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Renewing Talent in the Packaging Industry

CHICAGO, April 10, 2014 () – Top-level succession planning gets a lot of attention at most companies, and many take very seriously the continual renewal of skills in their organizations. Successful renewal depends on a dependable supply of talented new industry participants. Many, but not all, of the cohort who entered the packaging industry in the early to mid-1970’s are moving on to new phases of their lives. Count me among the group continuing to work full time to an age well beyond that which, along with defined benefit retirement plans, was the promise of joining American industry at that time.

I just returned from a meeting of the industry advisory board for Clemson University’s Department of Food, Nutrition and Packaging Sciences. I’ve had the privilege of being involved with the Packaging Science program at Clemson for about 20 years, having been ‘recruited’ to board by Packaging Hall of Fame member Dick Perdue from Cryovac.

A lot has changed, as happens in any institution, but a constant at Clemson, as well as at the other colleges and universities who offer degrees or specialized study in packaging, is a passion for and a commitment to educating and preparing new entrants into the industry. New entrants who come equipped with a solid background and understanding of the importance of packaging, the wide variety of solutions the industry offers, and a drive to help create the next steps in the evolution of the industry.

As was more common in my ‘day’, I entered via a different route, getting BS and MS degrees in chemical engineering. But after a stint as a summer intern at an American Can flexible packaging plant, I was hooked, and I targeted the industry and American Can as my top career choice. From my first day as a ‘permanent’ employee at their technical center in Wisconsin, I had great supervisors who helped me learn how to develop and apply my knowledge and skills to interesting and relevant problems, and that great early mentoring continues to make it easy for me to get engaged in new challenges.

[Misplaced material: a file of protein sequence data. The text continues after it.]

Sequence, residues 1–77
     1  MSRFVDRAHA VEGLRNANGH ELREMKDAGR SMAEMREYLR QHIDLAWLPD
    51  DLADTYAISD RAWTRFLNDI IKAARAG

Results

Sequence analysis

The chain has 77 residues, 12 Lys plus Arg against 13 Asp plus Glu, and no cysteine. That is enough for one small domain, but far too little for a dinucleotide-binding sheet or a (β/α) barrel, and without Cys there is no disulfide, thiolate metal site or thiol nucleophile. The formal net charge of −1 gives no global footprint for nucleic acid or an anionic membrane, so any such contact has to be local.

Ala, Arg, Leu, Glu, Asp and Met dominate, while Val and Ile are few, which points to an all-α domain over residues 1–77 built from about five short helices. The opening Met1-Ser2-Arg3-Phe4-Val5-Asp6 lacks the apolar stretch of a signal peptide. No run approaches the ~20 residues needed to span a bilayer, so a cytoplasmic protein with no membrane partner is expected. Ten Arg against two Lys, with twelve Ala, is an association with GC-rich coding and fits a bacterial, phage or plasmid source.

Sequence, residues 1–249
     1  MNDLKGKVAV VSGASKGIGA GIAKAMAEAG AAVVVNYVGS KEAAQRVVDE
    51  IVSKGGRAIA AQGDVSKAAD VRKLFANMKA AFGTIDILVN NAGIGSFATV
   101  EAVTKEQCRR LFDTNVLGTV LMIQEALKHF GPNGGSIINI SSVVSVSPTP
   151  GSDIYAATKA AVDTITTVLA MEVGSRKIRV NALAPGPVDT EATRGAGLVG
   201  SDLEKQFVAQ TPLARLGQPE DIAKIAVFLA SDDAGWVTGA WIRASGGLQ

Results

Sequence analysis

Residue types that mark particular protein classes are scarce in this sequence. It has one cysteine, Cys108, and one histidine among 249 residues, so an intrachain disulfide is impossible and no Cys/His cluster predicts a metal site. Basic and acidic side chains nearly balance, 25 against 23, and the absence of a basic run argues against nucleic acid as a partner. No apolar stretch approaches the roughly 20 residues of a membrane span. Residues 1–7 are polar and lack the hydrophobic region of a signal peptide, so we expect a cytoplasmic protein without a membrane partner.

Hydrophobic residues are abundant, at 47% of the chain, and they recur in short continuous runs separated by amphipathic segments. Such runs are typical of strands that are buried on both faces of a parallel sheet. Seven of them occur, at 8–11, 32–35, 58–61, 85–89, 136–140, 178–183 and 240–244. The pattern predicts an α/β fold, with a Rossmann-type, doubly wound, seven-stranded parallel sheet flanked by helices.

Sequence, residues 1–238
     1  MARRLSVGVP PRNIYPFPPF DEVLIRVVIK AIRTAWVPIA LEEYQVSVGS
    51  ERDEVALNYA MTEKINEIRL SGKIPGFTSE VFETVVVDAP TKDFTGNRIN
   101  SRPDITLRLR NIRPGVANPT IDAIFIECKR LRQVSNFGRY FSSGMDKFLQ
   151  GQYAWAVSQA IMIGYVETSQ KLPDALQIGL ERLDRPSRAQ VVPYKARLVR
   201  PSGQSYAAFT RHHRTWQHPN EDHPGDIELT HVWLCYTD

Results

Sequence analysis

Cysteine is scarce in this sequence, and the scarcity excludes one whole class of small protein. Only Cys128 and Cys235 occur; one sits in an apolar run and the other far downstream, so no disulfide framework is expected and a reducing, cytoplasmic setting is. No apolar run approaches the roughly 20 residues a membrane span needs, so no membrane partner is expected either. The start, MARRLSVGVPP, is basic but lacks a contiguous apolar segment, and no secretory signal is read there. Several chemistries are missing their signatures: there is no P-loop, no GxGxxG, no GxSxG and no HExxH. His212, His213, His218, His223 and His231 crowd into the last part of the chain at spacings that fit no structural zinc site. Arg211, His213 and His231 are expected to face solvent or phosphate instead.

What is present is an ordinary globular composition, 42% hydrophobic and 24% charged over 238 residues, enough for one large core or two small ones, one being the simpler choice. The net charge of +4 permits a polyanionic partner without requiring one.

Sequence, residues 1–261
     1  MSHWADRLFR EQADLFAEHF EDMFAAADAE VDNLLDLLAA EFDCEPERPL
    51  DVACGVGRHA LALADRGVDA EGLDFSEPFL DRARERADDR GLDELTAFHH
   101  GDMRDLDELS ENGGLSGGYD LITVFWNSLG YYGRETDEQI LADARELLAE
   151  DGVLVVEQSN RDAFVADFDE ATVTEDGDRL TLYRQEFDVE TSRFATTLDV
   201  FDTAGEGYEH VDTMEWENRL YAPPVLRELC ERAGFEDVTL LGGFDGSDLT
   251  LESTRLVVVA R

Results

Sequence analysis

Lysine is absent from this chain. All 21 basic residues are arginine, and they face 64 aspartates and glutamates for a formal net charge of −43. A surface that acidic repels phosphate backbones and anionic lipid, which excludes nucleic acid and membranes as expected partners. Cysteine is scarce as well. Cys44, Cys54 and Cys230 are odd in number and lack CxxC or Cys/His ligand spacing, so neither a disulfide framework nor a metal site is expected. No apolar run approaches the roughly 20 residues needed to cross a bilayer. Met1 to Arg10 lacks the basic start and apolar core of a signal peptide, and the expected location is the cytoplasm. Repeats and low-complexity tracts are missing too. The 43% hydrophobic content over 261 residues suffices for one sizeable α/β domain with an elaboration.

What this has to do about talent renewal is just this: my hiring in 1973 was the first after a multi-year hiring freeze at the technical center, a freeze imposed in response to a poor economy. What followed was a flurry of hiring and training, to get the organization up to effective strength and to revitalize the business of innovation.

Similar hiring took place in manufacturing, sales and other support groups as the company worked to shift out of maintenance/survival mode and regain competitive momentum. Turning off the spigot quickly stops the flow, but unlike a water line, it takes longer than you expect or want to reestablish strong flow after the valve is reopened.

Entering a packaging education program after high school is a bit of a leap of faith, a belief that after about 5 years (mandatory coop experiences at Clemson extend the timeline beyond 4 years, but give students valuable real world experience), hard work and dedication will lead to one or more companies in this very specific industry ready to bring you into the fold.

A lot can and does change in those 5 years, but my strong belief is that what does not change is the need for companies to continue to renew their talent base. There are a lot of reasons that experienced and skilled people stop their active participation in the industry, some controllable, some not. The only thing we know for sure is that it will happen. And that they will leave behind gaps.

It’s been tough for college graduates lately across most all the disciplines, but we can only make an impact within our direct sphere of influence. It is crucial for the industry, companies, and individuals to commit and recommit to the long-term success and growth of packaging education.

There is a solid track record on which to build; I have in my mind an honor roll of companies and individuals who have made remarkable efforts to support these schools and programs. More need to get involved and experience the benefits of doing so; enlightened self-interest pays off in many ways.

Staying the course, and helping institutions renew and grow their capabilities to prepare energetic, motivated learners and leaders takes time, money and discipline. Including making hires for the company’s future when things aren’t as good as they could be.

Heading into better times and circumstances with the momentum these young people can help create sure beats trying to just get going while your competition accelerates away from you.

Timothy Bohrer is the owner of Pac Advantage Consulting

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